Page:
Benignity or Malignancy of a Cancer
The benignity or malignancy of a cancer in fact depends on the capability of tissular reaction of a specific organ expressing itself ultimately in the ability to encyst fungal cells, and to prevent them from developing in ever-larger colonies. This can be achieved more easily where the ratio between differentiated cells and connective tissue is in favour of the former.
Situated between the impervious noble tissues, then, and the defenceless connective, the differentiated connective structures (the glandular structures in particular) represent that medium term which is only somewhat vulnerable to attack, because of an ability to offer a certain type of defence.
And it is in these conditions that benign tumours are formed, that is, where the glandular connective tissue is successful in forming hypertrophic and hyperplastic cellular embankments against the parasites.
In the stomach and in the lung, instead, since there are no specific glandular units, the target organ, provided with a small defensive capability, is at the mercy of the invader. Furthermore, it is worth mentioning how several types of intimate fungal invasion do not determine the appearance of malignant or benign tumours, but a type of particular benign tumour (specific degenerative alterations) as is the case of some organs or apparatuses that do not have peculiar glandular structures, but nevertheless are attacked in their connective tissue, but in a limited way.
If we consider, in fact, multiple sclerosis, SLA, psoriasis, nodular panartherite, etc. the possible development of the fungus in a three-dimensional sense is actually limited by the anatomic configuration of the invaded tissues, so that only a longitudinal expansion is allowed.
Going back to the precondition of a-reactivity that is necessary for neoplastic development in a specific individual, it is permissible to affirm how in the human body each external or internal element that determines a reduction of well-being in an organism, organ or tissue, possesses oncogenic potentiality. This is not so much because of an intrinsic damaging capability as much as for a generic property of favouring the fungal (that is, tumoral) flourishing.
Then the causal network so much invoked in contemporary oncology, which involves toxic, genetic, immunological, psychological, geographical, moral, social, and other factors, finds a correct classification only in a mycotic infectious perspective where the arithmetical and diachronic summation of harmful elements works as a cofactor to the external aggression.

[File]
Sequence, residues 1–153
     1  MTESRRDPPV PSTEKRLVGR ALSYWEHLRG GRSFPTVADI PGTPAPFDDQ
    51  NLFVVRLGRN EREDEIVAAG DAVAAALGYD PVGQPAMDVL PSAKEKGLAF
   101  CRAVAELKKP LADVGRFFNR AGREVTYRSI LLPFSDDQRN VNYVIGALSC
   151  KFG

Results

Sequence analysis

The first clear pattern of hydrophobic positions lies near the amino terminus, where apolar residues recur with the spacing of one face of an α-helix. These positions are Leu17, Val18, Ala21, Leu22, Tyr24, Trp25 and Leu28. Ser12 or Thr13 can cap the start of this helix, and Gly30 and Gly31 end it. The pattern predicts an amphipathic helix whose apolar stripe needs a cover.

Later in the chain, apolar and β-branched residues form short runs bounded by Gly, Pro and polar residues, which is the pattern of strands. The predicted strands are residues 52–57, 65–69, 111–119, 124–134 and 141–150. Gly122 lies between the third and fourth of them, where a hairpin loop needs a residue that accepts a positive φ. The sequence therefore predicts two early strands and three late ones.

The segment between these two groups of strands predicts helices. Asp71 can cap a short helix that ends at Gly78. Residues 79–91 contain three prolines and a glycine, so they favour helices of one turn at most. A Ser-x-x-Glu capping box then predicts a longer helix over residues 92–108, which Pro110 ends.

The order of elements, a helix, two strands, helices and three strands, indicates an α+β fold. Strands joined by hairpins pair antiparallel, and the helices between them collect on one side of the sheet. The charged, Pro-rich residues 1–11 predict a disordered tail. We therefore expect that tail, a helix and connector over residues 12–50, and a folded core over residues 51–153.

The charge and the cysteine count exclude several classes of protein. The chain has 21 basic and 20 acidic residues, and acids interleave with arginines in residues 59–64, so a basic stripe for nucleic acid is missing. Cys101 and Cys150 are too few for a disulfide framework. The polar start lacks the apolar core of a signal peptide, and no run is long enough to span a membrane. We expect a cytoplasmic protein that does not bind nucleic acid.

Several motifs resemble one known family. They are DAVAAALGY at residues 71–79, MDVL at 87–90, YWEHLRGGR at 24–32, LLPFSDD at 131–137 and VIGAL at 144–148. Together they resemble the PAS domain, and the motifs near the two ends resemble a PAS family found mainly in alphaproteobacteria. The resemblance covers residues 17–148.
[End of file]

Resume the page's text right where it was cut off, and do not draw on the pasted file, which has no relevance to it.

Having theoretically demonstrated the equivalency tumour = fungus, it is clear how this interpretative key offers a long series of questions concerning the contemporary therapies both oncological (used without reference indexes) and antimycotic (utilised only at a superficial level).
Which path is best to walk today, then, when faced with a cancer patient, since the conventional oncological treatment, not being etiological, can only occasionally have positive effects and most of the time produces damage?
In the fungal perspective in fact, the effectiveness of surgery is noticeably reduced because of the extreme diffusibility and invasiveness characteristic of a mycelial conglomerate. Surgery's to solve the problem is therefore tied to the case -- to conditions, that is, in which one has the luck to completely remove the entire colony (which is often possible in the presence of a sufficient encystment; but here we are in the case of benign tumours).
Chemotherapy and radiotherapy produce almost exclusively negative effects, both for their specific ineffectiveness, and for their high toxicity and harmfulness to the tissues, which in the last analysis favours mycotic aggressiveness.
By contrast, an anti-fungal, anti-tumour specific therapy would keep into account the importance of the connective tissue, together with the reproductive complexity of fungi. Only by attacking the fungi across the spectrum of all its forms, at points where it is most vulnerable from the nutritional point of view, would it be possible to hope to eradicate them from the human organism.